Now, it appears, the time has come for the inkjet companies to get into the digital inkjet label printing business. Jetrion and Sun Chemical both introduced digital inkjet label presses at Labelexpo Americas this year, the former with a machine at the booth, the latter with a video and word that the first press was just coming off the production line. Attendees were impressed.
These are not small inkjet units. They are large, square machines that can print four-color rollfed labels at substantial speeds.
“We are the only company that manufactures hardware and ink,” says Ken Stack, president of Jetrion, of Ypsilanti, MI, USA, which also makes add-on inkjet units for presses. “The new Jetrion 4000 is a digital UV inkjet press, and it requires no need for
|The Jetrion 4000|
The 4000, he says, was developed for short and medium production runs, as well as for variable data imaging. Because the press is fully digital, printed data can change constantly; no plates or fixed images are involved. The model shown at Labelexpo was the demo; Stack says that the unit will be available in the first quarter of 2007.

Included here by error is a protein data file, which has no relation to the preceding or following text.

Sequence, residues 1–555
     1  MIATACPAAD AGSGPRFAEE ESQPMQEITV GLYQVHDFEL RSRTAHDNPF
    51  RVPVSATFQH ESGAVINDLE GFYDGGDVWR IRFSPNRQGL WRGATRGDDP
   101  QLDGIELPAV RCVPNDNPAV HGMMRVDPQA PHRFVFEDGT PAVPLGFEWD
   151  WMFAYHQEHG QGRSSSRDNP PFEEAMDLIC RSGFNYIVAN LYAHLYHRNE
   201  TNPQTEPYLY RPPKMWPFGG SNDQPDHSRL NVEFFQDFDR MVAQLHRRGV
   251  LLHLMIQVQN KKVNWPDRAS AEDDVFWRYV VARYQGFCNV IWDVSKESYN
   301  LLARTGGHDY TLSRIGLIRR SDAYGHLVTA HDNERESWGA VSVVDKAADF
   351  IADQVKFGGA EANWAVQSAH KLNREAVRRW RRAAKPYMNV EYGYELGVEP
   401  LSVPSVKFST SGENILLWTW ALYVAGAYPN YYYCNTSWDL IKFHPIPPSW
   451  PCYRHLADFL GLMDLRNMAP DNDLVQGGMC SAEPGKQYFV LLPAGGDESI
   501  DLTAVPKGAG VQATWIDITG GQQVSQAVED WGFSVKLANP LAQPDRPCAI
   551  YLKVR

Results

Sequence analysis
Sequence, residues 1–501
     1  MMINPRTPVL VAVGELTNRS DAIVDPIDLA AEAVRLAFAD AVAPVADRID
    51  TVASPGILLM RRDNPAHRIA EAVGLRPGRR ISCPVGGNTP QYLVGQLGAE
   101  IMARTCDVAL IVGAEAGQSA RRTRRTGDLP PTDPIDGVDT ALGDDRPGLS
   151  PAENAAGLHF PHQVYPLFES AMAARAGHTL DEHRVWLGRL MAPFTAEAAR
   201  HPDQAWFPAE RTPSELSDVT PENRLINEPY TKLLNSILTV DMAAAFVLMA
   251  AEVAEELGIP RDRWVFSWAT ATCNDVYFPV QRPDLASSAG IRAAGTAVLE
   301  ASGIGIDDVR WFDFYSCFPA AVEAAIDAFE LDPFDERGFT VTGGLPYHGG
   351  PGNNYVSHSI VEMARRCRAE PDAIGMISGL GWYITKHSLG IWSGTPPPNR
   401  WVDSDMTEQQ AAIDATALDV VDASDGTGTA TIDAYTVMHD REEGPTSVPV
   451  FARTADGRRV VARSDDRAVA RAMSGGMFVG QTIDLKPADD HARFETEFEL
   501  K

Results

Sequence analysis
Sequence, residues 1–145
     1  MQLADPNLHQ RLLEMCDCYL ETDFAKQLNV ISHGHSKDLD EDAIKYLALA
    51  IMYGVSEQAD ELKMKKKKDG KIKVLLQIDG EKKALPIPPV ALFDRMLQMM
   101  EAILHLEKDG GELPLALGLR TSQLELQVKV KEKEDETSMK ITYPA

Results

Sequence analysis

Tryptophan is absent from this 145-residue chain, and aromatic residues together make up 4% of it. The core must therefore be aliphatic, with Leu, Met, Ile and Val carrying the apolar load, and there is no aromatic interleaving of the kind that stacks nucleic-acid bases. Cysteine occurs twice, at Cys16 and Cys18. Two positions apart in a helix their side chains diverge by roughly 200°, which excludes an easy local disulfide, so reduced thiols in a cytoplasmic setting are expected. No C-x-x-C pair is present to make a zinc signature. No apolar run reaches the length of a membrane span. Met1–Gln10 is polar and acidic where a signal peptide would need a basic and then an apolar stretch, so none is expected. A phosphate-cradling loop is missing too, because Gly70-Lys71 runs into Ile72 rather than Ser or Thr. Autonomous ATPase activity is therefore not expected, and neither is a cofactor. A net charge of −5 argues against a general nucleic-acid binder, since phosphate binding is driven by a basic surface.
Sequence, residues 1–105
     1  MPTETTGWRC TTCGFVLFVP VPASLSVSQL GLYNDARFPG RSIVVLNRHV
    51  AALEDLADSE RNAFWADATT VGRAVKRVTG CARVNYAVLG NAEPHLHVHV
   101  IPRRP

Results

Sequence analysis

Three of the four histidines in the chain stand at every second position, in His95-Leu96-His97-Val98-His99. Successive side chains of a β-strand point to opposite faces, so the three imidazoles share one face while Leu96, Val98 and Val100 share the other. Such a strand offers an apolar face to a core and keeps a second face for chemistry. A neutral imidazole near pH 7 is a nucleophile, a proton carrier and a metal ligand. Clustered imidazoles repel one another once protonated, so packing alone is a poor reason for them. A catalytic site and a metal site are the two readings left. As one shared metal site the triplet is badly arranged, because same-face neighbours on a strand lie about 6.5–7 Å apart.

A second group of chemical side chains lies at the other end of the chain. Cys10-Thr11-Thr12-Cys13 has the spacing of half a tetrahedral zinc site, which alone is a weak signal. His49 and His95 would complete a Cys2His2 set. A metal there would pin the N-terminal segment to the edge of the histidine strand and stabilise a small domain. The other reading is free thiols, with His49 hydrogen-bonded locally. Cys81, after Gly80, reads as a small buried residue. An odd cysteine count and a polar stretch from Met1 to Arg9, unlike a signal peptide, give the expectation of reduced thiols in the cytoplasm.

Jetrion developed a set of UV curable inks for the press, which Stack says can print at fast speeds on a wide range of papers, films, foils, and small caliper tag stocks. Imaging width ranges from four to eight inches, and speed is up to 65 fpm (20m/min.), depending on the substrate. The print engine is the Xaar Leopard, the maximum roll diameter is 22" (560mm), and the machine is 60" wide and 42" deep.